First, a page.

Natural Gas Prices Spike, Solar and Wind Buildout Continues

By Published On: October 21, 2021

Meteorologists are forecasting a warmer winter across much of the United States, which often leads to slack demand for natural gas. But this year, increased exports of liquefied natural gas are driving up the price of the fuel, according to Federal Energy Regulatory Commission staff.

Gas prices are escalating largely because of increased global demand for LNG exports—a 21% increase compared to last winter, according to a winter assessment released Oct. 21. As of Oct. 13, futures prices at Henry Hub, the national benchmark in Louisiana, averaged $5.63 per million British Thermal Units for Nov. 2021-Feb. 2022, a 103% increase compared to last winter. This coming winter, future prices at the SoCal Citygate are $8/MMBtu, the second highest in the country. Prices at the Algonquin Citygate hub, outside Boston, soared to $18.18/MMBtu, the highest price across the eight major hubs.

FERC staff pointed out that higher winter temperatures usually “imply lower than average demand for electricity and natural gas, but severe cold weather events that drive up energy demand may still occur.” The Pacific Northwest, however, is expected to be colder this winter than last.

Staff also concluded that in spite of higher gas prices, there will be more than enough resources to satisfy electricity reserve margins in the territory of the California Independent System Operator and other balancing authorities, with a total of 34 GW of new resources coming online—much of it solar and wind. CAISO is expected to see an additional 4.5 GW, all of it new solar and battery capacity. The Electric Reliability Council of Texas, ERCOT, is expected to add 14 GW of new resources, most of it wind and solar.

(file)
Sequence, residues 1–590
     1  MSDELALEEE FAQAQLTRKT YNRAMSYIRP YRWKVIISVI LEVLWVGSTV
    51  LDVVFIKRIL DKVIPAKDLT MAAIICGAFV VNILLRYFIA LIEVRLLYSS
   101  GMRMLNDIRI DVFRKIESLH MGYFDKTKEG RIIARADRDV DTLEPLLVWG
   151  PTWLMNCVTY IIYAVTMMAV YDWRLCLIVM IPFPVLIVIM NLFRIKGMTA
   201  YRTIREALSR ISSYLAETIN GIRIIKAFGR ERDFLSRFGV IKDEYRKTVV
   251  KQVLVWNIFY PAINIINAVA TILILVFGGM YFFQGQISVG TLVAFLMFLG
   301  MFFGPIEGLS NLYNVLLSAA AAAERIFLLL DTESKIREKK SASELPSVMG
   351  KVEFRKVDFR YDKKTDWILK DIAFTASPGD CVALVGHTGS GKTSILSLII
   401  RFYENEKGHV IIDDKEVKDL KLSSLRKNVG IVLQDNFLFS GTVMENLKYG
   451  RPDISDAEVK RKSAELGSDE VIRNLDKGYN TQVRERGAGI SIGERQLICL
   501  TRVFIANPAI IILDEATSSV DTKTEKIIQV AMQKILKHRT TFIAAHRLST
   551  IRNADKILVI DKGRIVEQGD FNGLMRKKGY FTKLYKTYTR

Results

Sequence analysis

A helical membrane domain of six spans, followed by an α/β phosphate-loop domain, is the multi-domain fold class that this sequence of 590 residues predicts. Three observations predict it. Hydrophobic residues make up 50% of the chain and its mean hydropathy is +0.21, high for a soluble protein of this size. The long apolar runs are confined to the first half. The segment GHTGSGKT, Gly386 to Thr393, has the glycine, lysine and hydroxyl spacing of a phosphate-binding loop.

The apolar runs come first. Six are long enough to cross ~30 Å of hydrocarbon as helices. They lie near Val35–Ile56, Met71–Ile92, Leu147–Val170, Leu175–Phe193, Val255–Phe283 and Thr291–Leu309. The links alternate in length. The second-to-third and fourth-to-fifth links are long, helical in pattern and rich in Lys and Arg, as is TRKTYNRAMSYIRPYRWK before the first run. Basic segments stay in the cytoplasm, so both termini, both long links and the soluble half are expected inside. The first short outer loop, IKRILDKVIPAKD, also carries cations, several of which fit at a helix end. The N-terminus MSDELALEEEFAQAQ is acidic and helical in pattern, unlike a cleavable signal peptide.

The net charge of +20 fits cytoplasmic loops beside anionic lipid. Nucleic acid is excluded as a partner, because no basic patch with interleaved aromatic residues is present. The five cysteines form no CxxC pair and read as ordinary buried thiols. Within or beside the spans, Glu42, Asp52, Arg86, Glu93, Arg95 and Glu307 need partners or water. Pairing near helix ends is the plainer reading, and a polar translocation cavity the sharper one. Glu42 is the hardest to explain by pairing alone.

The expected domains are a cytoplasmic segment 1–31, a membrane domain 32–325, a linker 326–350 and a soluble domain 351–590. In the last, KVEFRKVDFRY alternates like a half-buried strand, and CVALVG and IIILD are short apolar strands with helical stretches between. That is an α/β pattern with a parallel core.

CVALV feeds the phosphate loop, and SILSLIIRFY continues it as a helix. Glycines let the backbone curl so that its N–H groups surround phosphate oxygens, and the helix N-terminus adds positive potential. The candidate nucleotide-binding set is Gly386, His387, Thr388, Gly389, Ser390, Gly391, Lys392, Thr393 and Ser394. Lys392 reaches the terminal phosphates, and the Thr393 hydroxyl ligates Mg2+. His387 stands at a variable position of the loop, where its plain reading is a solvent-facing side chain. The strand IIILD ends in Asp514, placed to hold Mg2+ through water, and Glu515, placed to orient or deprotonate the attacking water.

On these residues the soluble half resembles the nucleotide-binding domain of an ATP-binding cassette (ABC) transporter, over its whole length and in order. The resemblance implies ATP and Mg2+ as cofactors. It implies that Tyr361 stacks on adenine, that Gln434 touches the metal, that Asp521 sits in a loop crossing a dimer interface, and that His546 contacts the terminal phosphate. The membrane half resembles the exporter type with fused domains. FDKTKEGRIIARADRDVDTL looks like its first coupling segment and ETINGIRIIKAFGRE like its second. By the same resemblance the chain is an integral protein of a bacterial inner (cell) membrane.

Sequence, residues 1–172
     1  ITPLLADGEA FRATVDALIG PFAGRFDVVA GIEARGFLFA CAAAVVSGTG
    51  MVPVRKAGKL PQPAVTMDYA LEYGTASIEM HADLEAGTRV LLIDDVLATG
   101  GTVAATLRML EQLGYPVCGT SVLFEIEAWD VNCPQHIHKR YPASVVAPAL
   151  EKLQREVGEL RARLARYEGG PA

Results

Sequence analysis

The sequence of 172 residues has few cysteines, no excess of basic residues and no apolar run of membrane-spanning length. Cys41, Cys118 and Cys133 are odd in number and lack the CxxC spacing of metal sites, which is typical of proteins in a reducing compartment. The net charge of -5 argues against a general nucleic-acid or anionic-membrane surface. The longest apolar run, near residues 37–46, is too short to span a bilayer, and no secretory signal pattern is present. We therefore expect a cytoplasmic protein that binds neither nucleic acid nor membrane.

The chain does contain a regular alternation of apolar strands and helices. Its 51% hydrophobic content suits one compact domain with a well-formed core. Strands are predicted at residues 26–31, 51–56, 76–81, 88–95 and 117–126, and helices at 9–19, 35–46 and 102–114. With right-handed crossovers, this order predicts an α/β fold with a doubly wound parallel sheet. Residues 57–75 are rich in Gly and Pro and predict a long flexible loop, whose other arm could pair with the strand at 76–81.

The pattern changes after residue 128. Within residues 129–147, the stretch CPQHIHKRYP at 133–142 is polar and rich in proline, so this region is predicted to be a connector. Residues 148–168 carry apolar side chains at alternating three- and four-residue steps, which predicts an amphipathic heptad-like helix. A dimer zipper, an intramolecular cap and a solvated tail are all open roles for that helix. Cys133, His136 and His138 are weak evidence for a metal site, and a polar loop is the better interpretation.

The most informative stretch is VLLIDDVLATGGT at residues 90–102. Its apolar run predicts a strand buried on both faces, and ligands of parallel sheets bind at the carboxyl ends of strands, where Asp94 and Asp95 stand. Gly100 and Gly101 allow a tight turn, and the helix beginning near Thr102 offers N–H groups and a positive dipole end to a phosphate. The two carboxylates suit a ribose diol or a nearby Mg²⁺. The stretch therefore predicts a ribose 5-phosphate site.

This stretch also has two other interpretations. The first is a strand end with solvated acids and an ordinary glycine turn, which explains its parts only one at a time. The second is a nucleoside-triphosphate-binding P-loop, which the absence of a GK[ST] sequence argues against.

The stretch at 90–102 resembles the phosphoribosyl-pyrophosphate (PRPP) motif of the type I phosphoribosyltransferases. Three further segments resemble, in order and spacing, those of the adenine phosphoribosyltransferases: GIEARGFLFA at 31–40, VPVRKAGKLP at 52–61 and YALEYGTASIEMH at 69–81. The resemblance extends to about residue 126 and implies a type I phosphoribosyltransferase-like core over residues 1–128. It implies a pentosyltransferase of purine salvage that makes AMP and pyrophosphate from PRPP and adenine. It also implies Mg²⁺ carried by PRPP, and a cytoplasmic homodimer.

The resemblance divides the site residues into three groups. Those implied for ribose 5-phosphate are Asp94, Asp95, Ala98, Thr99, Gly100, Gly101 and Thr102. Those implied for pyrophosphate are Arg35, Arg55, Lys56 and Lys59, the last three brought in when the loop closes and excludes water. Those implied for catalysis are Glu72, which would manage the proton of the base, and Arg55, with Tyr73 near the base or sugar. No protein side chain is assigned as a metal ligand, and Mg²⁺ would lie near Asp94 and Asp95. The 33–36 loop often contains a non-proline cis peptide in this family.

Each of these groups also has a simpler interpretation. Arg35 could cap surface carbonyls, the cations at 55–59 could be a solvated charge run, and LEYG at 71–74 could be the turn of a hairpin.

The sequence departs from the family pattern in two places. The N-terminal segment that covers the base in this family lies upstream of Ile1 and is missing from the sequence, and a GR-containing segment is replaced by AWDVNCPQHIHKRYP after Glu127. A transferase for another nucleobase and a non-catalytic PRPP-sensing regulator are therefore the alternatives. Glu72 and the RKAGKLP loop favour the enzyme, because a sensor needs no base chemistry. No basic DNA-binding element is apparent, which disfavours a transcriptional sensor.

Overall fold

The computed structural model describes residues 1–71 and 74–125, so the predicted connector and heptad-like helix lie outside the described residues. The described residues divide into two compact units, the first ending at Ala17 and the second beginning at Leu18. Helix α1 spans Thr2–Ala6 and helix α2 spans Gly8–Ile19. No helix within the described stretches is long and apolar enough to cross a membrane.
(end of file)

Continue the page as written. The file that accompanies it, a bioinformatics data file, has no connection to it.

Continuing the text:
FERC Chair Rich Click warned, however, that strong reserves do not guarantee reliable operations in the face of extreme weather,  as experienced in Texas last February.

The staff assessment also predicts that the share of electricity generated from natural gas will decline across several regions encompassing CAISO, ERCOT, the Southwest Power Pool, and the Midcontinent Independent System Operator or MISO.

In related news, FERC nominee Willie Phillips was put to the test by the Senate Energy and Natural Resources Committee on Oct. 19.

Committee Chair Joe Manchin (D-W.VA) asked him his views on protecting fossil fuels, and whether oil and gas independence is important. Phillips said as a FERC member he would not play favorites in fuel choices, and that he believed in an “all of the above” energy strategy. He added that the country was in the midst of an energy transition and in response he would push for innovation as a commissioner.

Phillips told the committee his three top goals are “reliability, affordability, and sustainability.” He pointed out that was based on growing up in rural Alabama, attending the University of Montevallo, studying law at Howard University, and working in the energy industry for 20 years. Most recently, Phillips, who is 43 years old, was the DC Public Service Commission Chair.

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